The Cell Imaging Core provides members of the VDDRC with access to cutting edge technology, including confocal microscopes, transmission and scanning electron microscopes, and expert technical support for imaging and analysis of tissue and cellular anatomy and physiology related to digestive disease research. By our definition, access means not just availability of equipment, but also availability of the needed expertise for training, help with data collection, and assistance with data analysis and interpretation. The core is managed by three internationally recognized experts, two of whom have also established independent research programs. The service aspect of the core is carried out by dedicated employees, but also draws upon the expertise of the research and development components within the research labs. This strategy allows VDDRC researchers access to cutting-edge methods immediately after they are developed. This core has developed significant expertise directly related to digestive disease research: from imaging methods for intact crypts to in vivo analysis of blood and fluid flow in rodents. The VDDRC Cell Imaging Core is an essential component of the Vanderbilt Cell Imaging Shared Resource (CISR), which is available for use by all Vanderbilt University researchers. Few, if any, individual researchers can support high-end microscopy in their own labs due to the cost of the instrumentation and maintenance. Considerable cost savings is achieved by this Core through leveraging an established facility with a highly experienced staff. Members of the VDDRC receive significant consultation on experimental design, sample preparation, and data analysis focused around imaging issues unique to digestive disease investigators.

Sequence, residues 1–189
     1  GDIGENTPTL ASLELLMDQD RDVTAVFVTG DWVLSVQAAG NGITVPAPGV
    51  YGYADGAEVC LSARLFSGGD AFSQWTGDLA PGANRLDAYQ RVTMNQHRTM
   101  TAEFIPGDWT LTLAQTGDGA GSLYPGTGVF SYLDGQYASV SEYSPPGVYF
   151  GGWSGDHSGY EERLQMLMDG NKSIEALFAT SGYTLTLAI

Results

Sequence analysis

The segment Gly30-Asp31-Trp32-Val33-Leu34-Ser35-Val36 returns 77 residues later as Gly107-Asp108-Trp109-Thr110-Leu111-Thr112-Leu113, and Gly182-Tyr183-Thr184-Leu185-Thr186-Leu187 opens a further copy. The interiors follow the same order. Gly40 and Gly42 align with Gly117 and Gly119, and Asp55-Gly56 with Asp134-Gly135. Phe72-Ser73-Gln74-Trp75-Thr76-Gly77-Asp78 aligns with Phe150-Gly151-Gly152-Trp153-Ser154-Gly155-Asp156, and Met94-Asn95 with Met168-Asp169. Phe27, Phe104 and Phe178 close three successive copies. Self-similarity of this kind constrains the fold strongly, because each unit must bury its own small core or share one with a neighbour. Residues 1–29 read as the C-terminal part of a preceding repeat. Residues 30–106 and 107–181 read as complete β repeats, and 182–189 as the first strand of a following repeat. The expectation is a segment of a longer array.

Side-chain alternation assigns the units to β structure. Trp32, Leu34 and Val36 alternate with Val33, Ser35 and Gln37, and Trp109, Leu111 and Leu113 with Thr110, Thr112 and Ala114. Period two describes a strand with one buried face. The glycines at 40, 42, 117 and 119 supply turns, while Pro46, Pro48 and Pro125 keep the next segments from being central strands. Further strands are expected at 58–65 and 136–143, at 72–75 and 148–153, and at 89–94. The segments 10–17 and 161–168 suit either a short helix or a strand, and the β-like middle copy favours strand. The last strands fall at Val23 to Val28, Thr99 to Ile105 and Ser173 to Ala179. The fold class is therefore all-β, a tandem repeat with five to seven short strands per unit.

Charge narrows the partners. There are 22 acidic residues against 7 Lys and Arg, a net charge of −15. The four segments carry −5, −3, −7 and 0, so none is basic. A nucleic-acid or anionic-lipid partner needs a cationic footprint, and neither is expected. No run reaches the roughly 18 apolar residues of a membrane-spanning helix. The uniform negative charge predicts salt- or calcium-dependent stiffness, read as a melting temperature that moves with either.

Public Health Relevance

The Cell Imaging Core provides state-of-the art imaging systems, including confocal and electron microscopes, to support research with the goal of improving human digestive diseases prevention, treatment and therapy. Members of the VDDRC receive significant consultation on experimental design, sample preparation, and data analysis focused around imaging issues that facilitate our understanding of the cellular and molecular basis of health and disease. Few, if any, individual researchers can support this type of highend microscopy in their own labs due to the cost of the instrumentation, maintenance and expert staff.

National Institute of Health (NIH)
National Institute of Diabetes and Digestive and Kidney Diseases (NIDDK)
Center Core Grants (P30)
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Special Emphasis Panel (ZDK1)
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Vanderbilt University Medical Center
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